Military Disabled

In every war, there has been, and always will be soldiers that die and soldiers that get injured. Before the 20th century i t was common for more soldiers to die then to get injured. This was because medical care was not always helpful, and most of the time unsanitary. Due to improved armor and medical care in the more recent of wars, many more soldiers are surviving with injuries rather then dying. It is very fortunate that these soldiers are able to come home alive, but in many cases, many of them require life long care. Injuries such as brain or spinal damage can paralyze or mentally impair someone. In the Iraq war, more then 4,000 American soldiers suffered this fate. Many are forced to live in wheel chairs for the rest of their lives. More serious brain injuries can cause soldiers to have an extremely difficult time accomplishing every-day tasks that were routine before the injury. Another common disability is a loss of a limb. Whether it is an arm or a leg, a person who receives an amputation normally receives a replacement limp, and has to live the rest of their life functioning with it.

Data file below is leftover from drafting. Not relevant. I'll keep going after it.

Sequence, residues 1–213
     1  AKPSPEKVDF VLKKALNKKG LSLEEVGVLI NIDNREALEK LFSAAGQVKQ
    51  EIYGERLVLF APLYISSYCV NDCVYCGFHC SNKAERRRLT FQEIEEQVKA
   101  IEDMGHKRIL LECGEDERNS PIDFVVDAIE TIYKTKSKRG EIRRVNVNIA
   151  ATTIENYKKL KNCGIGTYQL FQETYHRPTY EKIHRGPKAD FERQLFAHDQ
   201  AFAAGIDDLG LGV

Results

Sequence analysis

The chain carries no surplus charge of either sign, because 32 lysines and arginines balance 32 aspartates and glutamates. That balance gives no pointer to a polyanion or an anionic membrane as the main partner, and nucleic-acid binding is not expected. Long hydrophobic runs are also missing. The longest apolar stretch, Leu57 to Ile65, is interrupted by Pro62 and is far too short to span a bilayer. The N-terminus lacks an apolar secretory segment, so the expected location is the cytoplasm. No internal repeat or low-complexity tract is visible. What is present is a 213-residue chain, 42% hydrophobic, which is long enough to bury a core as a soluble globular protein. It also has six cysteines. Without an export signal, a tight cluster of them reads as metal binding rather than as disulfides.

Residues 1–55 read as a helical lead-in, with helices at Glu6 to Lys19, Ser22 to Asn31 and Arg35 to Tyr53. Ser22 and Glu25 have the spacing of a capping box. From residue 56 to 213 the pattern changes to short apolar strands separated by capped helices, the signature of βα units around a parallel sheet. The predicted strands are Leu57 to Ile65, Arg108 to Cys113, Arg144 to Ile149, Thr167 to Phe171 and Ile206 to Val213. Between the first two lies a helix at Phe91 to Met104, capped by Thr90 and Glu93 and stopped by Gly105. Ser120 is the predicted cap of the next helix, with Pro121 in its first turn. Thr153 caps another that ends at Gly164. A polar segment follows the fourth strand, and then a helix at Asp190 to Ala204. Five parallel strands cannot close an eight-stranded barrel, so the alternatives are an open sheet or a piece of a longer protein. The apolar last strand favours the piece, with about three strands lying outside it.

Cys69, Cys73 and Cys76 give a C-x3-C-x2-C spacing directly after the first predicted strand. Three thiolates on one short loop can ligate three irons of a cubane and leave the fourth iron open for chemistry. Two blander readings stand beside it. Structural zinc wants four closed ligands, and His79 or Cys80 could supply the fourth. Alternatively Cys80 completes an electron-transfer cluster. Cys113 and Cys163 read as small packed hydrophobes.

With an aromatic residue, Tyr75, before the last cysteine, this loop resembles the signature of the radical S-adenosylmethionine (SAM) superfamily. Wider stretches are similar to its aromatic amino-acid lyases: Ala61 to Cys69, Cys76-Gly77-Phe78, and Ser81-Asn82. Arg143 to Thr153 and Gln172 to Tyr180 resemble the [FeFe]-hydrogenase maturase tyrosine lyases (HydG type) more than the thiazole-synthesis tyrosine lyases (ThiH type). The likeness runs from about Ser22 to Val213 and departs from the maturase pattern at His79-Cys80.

Wounded Soldiers in Recent American Wars:

Korean War-

77,788 injuries that required hospitalization.
17,910 bone breaks/fractures.
48,217 wounds.
1,120 amputations of limbs.

Vietnam War-

303,704 wounded soldiers - 153,329 required hospitalization.
Severely disabled: 75,000. 23,214 were classified 100% disabled.
5,283 lost limbs, 1,081 sustained multiple amputations.

Iraq War-

23,677 officially wounded American soldiers as of March, 2007.
20% of which that are serious brain or spinal injuries.
500 amputations of limbs as of January, 2007.

We should care about disabled soldiers because in many cases, these men and women will have to live through a disability for the remainder of their life. Ones that can be cured will still have to receive hospitalization and may take a long time to recover. As you can see from the recent American war statistics, hundreds of thousands of men have returned home from war in an injured condition, and we owe them are respect and support for fighting for our country.


"Vietnam War Statistics." Navy/Army Pages. Mobile Riverine Force Association. 18 Dec. 2007 <>.